Praedium Group3 runs six REIT funds that have acquired office buildings, retail properties and multi-family homes across the country. Most holdings are in New York, California and Texas. Invests money from pension funds, foundations, endowments and other financial firms. With $5 billion in assets it requires a 15 to 20 percent return on its investments.
Praedium founder Russel Appel has been outspoken about the profitability of low-income neighborhoods. “We look to take advantage of the opportunities in the marketplace,” said Appel in Commercial Property News last year.
Praedium plays an important role in co-financing the business of Pinnacle Group in New York City where Pinnacle owns over 400 rent-stabilized buildings. The properties are managed through dozens of separate limited liability corporations. Many tenants charge that the supers do shoddy renovations, which have incurred code violations and ruined previous fixtures. They then send bills at inflated rates to residents. Tenants say they have received hundreds of eviction notices, lawsuits and harassing letters, along with exorbitant improvement costs and rent increases beyond the legal limit. They fear they are being forced out to make room for condos. Two Manhattan properties, 706 and 725 Riverside Dr., have begun the conversion process.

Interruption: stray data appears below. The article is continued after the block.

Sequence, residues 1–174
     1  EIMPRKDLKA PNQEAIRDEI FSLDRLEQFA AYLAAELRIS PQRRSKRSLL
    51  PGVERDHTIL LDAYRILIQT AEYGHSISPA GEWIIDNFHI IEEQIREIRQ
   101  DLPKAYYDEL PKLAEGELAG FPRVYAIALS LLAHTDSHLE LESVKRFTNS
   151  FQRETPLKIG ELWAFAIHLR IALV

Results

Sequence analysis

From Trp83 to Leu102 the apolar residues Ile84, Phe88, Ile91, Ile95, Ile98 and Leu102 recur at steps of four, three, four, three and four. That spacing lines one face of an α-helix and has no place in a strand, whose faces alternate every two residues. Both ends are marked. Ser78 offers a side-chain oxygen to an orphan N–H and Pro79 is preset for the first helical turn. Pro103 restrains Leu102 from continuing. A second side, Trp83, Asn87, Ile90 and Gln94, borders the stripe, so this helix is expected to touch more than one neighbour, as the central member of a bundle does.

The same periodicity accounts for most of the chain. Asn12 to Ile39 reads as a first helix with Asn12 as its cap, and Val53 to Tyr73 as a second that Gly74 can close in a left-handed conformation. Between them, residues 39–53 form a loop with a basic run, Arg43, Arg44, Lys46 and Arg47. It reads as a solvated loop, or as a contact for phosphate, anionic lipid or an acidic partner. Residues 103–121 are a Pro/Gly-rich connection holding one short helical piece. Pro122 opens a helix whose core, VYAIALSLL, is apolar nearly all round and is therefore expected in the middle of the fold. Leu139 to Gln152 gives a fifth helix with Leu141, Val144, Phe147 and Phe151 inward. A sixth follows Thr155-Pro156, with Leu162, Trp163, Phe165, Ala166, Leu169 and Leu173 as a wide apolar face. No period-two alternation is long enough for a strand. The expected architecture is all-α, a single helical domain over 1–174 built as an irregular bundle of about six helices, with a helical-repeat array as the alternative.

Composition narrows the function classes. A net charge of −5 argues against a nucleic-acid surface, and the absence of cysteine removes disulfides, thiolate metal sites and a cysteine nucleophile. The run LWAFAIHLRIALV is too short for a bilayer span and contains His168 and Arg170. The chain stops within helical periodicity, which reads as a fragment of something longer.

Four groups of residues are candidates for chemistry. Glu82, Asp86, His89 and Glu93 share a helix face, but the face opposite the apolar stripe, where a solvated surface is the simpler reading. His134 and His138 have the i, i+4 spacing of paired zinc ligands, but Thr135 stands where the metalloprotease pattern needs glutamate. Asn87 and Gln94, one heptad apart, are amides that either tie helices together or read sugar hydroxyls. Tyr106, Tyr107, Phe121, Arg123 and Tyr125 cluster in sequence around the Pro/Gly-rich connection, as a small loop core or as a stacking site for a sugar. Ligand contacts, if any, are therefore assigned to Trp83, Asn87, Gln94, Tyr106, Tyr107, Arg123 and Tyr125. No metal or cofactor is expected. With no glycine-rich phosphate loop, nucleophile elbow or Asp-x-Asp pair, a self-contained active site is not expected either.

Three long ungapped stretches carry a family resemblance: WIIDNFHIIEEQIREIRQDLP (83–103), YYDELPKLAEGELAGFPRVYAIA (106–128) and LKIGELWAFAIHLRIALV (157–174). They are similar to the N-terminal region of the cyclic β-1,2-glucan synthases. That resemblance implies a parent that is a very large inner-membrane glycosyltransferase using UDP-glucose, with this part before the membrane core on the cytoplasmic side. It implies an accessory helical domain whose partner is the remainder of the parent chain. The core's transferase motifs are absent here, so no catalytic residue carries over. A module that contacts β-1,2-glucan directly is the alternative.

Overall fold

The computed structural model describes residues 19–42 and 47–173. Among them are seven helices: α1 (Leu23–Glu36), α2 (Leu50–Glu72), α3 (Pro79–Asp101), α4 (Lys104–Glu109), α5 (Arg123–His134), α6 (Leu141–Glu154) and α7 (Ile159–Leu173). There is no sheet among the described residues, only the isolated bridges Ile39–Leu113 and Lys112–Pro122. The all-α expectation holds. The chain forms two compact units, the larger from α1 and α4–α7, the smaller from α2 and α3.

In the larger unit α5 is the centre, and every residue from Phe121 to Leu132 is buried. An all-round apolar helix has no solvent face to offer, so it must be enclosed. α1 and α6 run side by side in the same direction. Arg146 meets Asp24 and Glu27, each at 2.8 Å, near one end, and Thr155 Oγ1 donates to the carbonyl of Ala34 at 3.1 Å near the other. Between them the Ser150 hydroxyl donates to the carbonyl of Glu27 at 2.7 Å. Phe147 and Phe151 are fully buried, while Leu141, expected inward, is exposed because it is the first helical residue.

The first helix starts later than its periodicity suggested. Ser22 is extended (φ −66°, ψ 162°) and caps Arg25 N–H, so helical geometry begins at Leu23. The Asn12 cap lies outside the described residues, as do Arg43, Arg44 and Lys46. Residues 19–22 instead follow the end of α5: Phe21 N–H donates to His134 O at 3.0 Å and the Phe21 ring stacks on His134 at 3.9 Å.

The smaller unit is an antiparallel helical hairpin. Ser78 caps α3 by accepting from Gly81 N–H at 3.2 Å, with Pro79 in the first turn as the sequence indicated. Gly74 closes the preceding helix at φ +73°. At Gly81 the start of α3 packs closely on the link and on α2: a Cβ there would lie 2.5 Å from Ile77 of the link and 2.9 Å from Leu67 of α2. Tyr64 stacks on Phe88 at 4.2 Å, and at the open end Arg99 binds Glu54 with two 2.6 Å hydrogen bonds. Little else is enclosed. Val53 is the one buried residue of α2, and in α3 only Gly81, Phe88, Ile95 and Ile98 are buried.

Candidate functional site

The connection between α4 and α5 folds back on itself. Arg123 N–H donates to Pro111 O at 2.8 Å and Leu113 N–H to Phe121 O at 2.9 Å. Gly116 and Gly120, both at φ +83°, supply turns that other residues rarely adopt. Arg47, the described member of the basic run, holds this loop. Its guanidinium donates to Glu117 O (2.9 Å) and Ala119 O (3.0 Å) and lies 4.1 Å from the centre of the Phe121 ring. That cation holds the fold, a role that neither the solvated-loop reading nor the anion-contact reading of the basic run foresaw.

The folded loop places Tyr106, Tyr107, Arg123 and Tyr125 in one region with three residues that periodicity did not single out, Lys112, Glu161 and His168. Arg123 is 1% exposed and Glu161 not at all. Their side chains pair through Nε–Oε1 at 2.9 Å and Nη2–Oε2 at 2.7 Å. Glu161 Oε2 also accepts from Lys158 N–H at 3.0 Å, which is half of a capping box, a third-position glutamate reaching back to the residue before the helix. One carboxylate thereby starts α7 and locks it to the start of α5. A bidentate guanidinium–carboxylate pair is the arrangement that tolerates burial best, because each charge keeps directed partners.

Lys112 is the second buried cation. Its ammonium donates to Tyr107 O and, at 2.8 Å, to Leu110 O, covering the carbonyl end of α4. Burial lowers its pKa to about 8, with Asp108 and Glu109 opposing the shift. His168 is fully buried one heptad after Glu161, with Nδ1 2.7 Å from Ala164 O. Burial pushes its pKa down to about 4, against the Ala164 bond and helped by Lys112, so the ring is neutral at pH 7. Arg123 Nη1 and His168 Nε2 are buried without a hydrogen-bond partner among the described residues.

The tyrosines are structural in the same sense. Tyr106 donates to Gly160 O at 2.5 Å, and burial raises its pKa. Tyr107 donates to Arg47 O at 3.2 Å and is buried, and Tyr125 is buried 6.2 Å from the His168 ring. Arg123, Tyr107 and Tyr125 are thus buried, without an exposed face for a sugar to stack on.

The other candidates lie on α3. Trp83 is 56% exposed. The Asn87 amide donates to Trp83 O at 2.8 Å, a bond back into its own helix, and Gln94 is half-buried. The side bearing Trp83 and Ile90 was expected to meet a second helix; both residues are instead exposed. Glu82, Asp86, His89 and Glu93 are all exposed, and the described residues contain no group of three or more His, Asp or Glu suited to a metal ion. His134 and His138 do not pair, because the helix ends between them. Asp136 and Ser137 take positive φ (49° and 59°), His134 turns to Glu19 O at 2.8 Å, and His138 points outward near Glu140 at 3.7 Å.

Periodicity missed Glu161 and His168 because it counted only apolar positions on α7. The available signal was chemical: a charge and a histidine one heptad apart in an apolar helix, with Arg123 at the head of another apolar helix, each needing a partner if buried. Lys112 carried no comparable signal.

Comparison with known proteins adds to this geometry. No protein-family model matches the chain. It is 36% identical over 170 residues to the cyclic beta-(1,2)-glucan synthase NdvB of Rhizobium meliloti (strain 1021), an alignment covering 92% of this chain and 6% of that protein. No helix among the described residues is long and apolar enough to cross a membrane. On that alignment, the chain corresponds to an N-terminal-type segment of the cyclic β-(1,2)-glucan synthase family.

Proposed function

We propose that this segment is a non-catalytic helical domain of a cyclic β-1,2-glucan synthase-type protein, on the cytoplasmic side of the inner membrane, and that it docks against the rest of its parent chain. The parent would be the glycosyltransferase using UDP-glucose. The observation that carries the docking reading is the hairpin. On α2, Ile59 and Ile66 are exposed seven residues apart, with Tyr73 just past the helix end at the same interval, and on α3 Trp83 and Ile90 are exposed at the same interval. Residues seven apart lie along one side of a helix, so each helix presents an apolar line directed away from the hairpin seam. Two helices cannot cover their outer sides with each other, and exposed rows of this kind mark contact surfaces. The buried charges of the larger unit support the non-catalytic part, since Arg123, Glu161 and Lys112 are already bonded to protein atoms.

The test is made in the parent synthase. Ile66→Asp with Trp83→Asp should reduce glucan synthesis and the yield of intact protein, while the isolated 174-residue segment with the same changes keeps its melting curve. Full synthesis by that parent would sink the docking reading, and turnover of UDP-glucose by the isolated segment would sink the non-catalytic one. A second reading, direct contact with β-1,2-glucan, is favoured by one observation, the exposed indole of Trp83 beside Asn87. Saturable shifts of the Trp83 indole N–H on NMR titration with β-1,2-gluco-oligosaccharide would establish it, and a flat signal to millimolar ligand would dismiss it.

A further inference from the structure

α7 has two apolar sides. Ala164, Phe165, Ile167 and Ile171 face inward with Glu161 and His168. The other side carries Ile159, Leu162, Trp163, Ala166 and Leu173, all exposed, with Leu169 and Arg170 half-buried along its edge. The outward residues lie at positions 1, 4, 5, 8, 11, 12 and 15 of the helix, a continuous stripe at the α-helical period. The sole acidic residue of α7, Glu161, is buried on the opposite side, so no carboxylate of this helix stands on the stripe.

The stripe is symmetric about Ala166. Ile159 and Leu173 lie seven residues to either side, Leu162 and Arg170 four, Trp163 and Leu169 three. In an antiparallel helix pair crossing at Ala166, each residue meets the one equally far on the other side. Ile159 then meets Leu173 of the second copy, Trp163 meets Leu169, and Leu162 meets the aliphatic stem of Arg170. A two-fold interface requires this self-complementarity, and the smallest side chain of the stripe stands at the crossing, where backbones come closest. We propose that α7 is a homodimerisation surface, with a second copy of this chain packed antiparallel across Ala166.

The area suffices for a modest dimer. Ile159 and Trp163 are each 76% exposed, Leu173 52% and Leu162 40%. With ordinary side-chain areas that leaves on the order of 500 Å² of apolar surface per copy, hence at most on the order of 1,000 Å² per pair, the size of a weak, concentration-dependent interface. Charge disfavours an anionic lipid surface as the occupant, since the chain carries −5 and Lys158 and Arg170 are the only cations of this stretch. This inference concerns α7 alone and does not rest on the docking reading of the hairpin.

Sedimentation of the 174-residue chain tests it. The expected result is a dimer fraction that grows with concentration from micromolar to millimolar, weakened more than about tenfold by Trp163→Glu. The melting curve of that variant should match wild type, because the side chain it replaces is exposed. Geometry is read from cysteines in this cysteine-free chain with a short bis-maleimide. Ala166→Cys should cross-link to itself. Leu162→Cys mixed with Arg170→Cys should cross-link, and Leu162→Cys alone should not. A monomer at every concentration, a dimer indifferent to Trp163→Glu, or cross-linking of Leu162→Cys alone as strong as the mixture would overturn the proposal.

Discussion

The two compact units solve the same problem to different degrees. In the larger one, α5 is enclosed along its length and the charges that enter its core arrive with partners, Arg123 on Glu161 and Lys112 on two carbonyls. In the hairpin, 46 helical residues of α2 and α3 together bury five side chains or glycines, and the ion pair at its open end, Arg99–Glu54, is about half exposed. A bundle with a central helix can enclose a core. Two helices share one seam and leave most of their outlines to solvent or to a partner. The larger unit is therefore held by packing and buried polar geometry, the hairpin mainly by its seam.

In 2002 tenants groups reported about a long and arduous battle with landlord Madison REIT4 in Oakland, a city where 65 percent of the residents had been renters, but nevertheless enjoyed less rights than in other cities. After rents were raised by 20-65 percent by a landlord who claimed exemption from Oakland rent control laws a group of tenants petitioned the Oakland Rent Arbitration Board. Finally Madison REIT rescinded the rent increases.
Madison Park REIT ($60 million in assets) claims to be specialized in “creating value for the company and for the community by making adaptive reuse of older existing buildings”5 in the “traditionally unfashionable blue-collar city” of Oakland.
After Metlife6 Inc.‘s (MET, an insurance company) started the process of sale of Peter Cooper Village/Stuyvesant Town on Manhattan’s East Side in August 2006, a couple of REITs announced interest to take over 11,200 apartment units over 80 acres of prime Manhattan land. The value of the property gets estimated at about $450,000 a unit, or $5 billion in total. About 75% of the apartment units are rent regulated, rents are roughly half the market rate. Rents can only be brought up to market rates when a tenant leaves, and many tenants or their families have been living there for decades, Any new owner paying the equivalent of $450,000 per apartment is going to be eager to create a money-making luxury enclave, real estate executives say.
The new owner could check all of the leases carefully to see that the name listed on the lease is the person actually living in the unit, press reported. “Over time, the owner could see significant 50% rent increases or more as tenants leave.”
Thus, many fear that Manhattan will loose one of it’s last and most important residential area which is affordable for workers, artists and the middle class. Anyway it will be the largest real estate deal in US history.
6 The New York Times, August 30, 2006; Easybourse, August 31st, 2006.